Concerning Election: Yes I believe that God elected me for salvation and that my discovery of Christ was purely His work and His alone. But because God is fair and just I certainly don’t perceive any violation of my free will in the midst of His election. Who in his right mind would resent the embrace of a perfectly holy God? Yes, God elected me, however, I can honestly say that from my perspective it was my choice to accept His embrace. His election is such that there is nothing unfair about it.

Sharing the Gospel: Some people suggest that the Doctrine of Unconditional Election somehow renders evangelism obsolete. Quite frankly, this is an absurd assertion. Though God elected people for salvation before the beginning of time, we must remember that, from our perspective, we don’t know who’s elected and who isn’t! And while God can save whomever He desires with or without our help, the beauty is that He invites us to play a small part in the process and enlists us into the wonderful cause of His Kingdom! And we must remember that Christ commanded us to venture into the world and make disciples. No one should need more  motivation than that to share the Good News of Jesus Christ!

So while my theology is reformed I can agree with the Arminian that it is preposterous to suggest that God violates anyone’s freewill. And as I venture out to the world I can enthusiastically share the gospel knowing that God is control of the outcome.

In short, Calvinists should live their lives in ways that seem Arminian and both sides should step up and embrace their common ground.

 

 

Have You Read the Canons of Dort?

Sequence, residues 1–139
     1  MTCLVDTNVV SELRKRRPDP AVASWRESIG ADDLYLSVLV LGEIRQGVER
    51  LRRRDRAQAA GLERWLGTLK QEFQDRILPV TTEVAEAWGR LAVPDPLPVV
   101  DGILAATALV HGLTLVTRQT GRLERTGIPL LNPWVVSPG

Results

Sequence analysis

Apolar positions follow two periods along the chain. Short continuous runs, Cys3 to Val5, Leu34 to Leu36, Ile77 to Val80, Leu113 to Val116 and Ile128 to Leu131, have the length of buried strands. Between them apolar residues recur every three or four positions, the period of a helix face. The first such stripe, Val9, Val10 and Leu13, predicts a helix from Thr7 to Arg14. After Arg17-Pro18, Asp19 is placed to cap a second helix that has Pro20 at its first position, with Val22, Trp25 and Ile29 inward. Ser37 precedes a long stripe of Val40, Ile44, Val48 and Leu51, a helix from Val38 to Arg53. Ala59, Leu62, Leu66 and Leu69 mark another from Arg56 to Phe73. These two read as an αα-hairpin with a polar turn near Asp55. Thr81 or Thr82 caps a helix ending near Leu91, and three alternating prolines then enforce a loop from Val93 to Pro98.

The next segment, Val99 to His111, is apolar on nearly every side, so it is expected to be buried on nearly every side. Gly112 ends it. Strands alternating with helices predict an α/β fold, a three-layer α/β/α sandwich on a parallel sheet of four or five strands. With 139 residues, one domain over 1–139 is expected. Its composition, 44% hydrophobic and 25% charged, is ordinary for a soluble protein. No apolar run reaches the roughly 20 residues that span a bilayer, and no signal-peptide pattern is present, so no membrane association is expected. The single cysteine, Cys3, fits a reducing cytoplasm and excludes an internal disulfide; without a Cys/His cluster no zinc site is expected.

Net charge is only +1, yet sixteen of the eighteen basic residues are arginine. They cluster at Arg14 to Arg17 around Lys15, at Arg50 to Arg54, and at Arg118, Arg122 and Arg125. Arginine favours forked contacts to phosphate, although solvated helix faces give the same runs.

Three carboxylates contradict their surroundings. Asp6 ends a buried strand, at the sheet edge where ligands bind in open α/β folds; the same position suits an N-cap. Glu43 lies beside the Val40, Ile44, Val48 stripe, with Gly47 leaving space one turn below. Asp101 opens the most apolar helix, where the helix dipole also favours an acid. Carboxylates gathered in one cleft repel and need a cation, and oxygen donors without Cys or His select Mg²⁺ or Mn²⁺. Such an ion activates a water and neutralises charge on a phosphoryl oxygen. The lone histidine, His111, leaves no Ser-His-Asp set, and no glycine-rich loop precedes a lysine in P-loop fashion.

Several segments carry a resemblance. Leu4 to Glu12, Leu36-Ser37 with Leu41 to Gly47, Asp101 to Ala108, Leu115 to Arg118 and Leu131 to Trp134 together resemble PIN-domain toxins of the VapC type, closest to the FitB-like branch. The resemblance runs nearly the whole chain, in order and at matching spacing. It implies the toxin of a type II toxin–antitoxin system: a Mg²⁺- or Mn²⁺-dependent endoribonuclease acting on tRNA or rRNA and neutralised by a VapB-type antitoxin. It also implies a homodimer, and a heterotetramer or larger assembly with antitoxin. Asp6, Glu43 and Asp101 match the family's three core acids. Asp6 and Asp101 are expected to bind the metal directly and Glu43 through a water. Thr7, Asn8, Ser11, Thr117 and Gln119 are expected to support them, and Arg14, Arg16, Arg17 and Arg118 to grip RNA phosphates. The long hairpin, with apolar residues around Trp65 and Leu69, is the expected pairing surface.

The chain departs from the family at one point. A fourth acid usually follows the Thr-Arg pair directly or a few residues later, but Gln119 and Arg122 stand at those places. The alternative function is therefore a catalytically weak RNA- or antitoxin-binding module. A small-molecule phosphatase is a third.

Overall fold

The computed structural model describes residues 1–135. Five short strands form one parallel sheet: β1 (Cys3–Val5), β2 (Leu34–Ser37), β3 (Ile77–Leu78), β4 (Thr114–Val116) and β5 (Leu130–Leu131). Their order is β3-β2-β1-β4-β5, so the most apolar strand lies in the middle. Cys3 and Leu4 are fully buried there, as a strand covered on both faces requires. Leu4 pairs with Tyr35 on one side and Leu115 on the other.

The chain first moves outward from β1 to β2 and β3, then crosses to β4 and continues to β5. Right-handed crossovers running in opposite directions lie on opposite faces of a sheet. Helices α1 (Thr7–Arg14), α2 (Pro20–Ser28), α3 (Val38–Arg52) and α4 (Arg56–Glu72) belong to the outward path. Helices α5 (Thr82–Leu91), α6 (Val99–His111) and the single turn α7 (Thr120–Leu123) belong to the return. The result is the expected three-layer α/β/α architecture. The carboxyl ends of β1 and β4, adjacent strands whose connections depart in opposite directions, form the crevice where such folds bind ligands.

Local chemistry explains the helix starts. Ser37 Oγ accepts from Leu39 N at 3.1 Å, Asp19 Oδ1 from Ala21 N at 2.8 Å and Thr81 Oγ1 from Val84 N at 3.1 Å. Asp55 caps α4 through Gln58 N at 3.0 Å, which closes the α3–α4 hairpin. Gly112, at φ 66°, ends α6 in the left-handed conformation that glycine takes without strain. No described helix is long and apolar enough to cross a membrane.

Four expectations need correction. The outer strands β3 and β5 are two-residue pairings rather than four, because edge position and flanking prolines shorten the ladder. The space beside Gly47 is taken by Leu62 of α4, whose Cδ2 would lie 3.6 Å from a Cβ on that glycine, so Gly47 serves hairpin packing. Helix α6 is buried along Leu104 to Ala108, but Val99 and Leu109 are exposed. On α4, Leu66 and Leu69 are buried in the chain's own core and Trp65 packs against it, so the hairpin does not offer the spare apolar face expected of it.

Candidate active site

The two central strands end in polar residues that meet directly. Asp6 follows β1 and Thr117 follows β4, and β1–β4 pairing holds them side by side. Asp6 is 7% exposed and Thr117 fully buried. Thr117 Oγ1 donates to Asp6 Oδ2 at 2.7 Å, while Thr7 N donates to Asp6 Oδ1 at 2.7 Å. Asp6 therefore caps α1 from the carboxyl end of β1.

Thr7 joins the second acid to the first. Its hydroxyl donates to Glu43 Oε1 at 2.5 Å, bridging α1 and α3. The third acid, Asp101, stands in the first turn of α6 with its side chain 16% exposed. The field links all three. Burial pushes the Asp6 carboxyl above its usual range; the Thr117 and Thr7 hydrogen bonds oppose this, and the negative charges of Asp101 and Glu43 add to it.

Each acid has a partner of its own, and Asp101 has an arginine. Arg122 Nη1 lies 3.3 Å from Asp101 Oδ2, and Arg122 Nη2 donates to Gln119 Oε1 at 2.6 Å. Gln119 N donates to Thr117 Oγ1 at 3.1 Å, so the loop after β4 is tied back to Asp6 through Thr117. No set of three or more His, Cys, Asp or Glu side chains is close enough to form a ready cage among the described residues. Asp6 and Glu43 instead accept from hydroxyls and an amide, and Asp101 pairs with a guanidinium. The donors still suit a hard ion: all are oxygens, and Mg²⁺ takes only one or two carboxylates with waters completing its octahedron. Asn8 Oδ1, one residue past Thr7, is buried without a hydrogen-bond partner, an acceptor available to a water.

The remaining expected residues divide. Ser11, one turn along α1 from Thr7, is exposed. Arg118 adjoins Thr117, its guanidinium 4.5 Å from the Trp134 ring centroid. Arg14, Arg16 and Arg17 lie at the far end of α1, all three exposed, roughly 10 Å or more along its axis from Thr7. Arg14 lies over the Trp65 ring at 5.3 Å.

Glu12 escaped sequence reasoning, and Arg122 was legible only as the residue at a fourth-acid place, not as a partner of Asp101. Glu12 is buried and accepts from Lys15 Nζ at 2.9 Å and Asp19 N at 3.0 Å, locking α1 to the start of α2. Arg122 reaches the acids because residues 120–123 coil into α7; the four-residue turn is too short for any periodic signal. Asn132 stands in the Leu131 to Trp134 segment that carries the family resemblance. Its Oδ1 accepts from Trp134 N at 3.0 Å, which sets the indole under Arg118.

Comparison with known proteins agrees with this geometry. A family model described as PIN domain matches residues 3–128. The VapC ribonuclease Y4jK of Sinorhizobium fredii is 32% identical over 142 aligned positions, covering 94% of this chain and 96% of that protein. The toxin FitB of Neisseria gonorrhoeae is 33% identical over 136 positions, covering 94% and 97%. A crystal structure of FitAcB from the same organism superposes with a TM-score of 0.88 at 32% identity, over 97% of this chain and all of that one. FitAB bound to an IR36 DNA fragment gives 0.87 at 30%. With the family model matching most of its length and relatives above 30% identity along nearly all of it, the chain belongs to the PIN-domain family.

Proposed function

Council at Dort

I’ve been trying to watch an online discussion concerning the pros and cons of Calvinism via Ed Stetzer’s program The Exchange (video embedded below) without much success. For some reason, the video keeps freezing up on me. However, I did get far enough to hear one of the contributors, Michael Horton recommend that viewers take a look at the Canon of Dort for themselves. The Canons of Dort is the official judgement of the Dutch Reformed Church issued in 1619 in response to the five main points of contention between Arminianism and Calvinism.  Having never read them entirely, I looked them up.

I’m glad I did. The Canons expand upon the popular TULIP acronym that summarizes the positions of the traditional five-point Calvinist. Each point is illustrated point by point with Scripture references in most cases. For anyone who desires to know more about the Calvinist/Reformed position, the Canons are an excellent source. Each point of contention is divided into two segments. First, the Reformed/Calvinist position is illustrated, then the challenges offered by Arminianism are refuted. It’s good stuff. I highly recommend it.I would suggest that it is good reading whether you consider yourself an Arminian or a Calvinist. The former will understand the opposing opinions better and the latter will learn more about what it is they profess to believe.

For the record, I consider myself a Calvinist (for the most part anyway). The problems I have with the traditional five points are mainly semantic (you can read more of my thoughts here) and my judgement of Canons are no different. I agree with them for the most part and and only take issue with a couple of minor semantic phrases. However, I must admit that I do my best to look for common ground between the Arminian and Reformed/Calvinist positions. Both camps are, after all, sitting under the umbrella of Christianity. My personal motto is Christ first, Calvinism and Arminianism second – with generous loads of grace offered to each.

I’m also dispensational, so put that in your pipe and smoke it.